Ex Machina – 5 stars
Writer director Alex Garland has written several very distinct dystopian films (28 Days Later, Dredd) and his directorial debut is assured and not unexpectedly, unique. Oscar Isaac is Nathan, a Steve Jobs-esque reclusive titan who invites Caleb (Domnhall Gleeson), a coder at his web service monolith, to his retreat deep in the mountains to conduct the testing of an artificial intelligence being (Alicia Vikander) he has created. While Nathan and Caleb start off in an awkward forced friendship hampered by their employer-employee dynamic, and the fact that the reason for Caleb’s selection seems flimsy, they soon become adversarial – with Nathan chastising Caleb for his unscientific approach and Caleb increasingly distrustful of Nathan’s methods. It then becomes unclear exactly who is being tested, Eva, Caleb or Nathan, as the three negotiate their roles while strategizing to achieve their aims.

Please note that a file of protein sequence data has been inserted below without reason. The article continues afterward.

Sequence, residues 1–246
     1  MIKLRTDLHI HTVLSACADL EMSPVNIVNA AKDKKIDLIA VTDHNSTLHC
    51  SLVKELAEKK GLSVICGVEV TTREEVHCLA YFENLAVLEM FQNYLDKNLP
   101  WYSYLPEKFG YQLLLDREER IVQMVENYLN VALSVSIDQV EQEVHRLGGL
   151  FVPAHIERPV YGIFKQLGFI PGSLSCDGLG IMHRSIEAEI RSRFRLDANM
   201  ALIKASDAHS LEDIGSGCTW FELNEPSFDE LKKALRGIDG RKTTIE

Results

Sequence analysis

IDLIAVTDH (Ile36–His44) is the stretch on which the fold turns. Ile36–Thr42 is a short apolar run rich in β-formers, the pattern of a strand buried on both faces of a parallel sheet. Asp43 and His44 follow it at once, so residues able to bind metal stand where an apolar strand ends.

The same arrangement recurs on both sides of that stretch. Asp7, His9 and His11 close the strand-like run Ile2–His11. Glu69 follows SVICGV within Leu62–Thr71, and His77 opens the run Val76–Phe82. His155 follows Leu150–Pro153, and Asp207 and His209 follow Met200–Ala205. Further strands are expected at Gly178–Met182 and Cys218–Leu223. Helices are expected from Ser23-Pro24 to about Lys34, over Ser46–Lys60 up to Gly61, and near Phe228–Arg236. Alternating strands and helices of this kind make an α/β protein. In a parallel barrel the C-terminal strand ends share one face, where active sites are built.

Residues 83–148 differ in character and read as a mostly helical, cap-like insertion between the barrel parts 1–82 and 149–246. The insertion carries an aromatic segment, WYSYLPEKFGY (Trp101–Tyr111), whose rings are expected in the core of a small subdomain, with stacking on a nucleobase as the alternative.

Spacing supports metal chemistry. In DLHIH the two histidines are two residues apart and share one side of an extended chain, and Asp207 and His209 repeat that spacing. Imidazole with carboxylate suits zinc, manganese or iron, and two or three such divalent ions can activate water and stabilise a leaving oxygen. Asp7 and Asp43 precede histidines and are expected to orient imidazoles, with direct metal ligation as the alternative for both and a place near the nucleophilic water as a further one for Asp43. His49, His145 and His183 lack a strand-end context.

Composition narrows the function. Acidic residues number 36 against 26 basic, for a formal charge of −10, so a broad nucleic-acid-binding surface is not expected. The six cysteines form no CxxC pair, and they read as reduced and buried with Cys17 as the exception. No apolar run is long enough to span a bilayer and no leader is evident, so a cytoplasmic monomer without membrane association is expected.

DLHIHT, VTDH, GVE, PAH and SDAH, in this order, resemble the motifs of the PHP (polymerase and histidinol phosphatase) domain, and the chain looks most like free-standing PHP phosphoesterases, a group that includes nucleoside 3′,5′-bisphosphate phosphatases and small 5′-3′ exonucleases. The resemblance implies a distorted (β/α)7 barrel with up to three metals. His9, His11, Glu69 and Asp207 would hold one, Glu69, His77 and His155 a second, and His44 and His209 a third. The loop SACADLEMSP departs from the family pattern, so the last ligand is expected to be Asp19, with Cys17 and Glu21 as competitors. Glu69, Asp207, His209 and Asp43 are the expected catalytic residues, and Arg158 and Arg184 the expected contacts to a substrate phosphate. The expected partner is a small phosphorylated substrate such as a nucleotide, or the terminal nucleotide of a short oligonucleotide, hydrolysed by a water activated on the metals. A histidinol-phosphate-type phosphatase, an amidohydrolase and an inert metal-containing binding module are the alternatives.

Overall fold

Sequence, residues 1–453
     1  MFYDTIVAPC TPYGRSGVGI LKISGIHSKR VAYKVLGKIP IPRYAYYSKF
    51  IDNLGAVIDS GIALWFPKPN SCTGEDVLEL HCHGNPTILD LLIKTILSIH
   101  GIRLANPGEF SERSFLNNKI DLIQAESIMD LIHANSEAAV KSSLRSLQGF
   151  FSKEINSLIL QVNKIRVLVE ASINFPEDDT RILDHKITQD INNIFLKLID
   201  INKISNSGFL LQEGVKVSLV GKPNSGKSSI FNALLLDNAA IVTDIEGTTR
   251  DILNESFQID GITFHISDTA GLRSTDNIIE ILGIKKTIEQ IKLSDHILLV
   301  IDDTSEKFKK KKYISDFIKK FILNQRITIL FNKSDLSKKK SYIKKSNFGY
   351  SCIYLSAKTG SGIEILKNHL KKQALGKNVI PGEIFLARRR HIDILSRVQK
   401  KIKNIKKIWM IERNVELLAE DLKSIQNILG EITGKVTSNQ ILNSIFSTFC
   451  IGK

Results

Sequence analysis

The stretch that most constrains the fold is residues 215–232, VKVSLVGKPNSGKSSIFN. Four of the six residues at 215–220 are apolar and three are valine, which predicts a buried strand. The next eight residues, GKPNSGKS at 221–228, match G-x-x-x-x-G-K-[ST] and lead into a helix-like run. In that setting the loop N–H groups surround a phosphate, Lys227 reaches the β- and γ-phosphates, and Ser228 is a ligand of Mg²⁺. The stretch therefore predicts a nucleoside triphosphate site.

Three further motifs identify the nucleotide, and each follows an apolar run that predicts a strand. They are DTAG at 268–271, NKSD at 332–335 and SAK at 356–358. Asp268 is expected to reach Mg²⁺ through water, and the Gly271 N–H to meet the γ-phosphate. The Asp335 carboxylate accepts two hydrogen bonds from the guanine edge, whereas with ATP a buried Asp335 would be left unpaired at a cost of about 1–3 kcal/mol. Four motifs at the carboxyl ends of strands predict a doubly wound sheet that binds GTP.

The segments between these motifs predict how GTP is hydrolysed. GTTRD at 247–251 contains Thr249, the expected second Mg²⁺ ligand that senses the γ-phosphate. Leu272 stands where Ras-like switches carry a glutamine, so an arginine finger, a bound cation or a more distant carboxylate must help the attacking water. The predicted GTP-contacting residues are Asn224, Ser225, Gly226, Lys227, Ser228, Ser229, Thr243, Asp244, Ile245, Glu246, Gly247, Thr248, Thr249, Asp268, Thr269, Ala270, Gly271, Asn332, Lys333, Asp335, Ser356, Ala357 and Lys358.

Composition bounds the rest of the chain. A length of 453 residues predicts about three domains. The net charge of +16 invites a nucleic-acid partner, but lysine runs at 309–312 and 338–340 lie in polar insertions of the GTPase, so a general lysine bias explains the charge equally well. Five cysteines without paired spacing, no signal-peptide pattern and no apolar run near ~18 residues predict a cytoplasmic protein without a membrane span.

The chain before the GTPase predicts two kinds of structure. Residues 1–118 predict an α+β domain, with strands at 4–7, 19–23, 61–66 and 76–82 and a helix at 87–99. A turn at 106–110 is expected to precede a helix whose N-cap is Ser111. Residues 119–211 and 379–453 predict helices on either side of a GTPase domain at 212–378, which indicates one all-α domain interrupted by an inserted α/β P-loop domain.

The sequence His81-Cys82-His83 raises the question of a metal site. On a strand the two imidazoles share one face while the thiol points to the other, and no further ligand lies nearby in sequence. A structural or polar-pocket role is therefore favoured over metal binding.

Expertly paced and beautifully photographed, there is a little bit of Her and Spielberg’s A.I. in here, but ultimately, the film that best captures the ethos of this picture is Mousetrap. This is an intelligent, absorbing and imaginative sci-fi thriller which rejects shocks for a slow dance and smartly realized dawning at the end.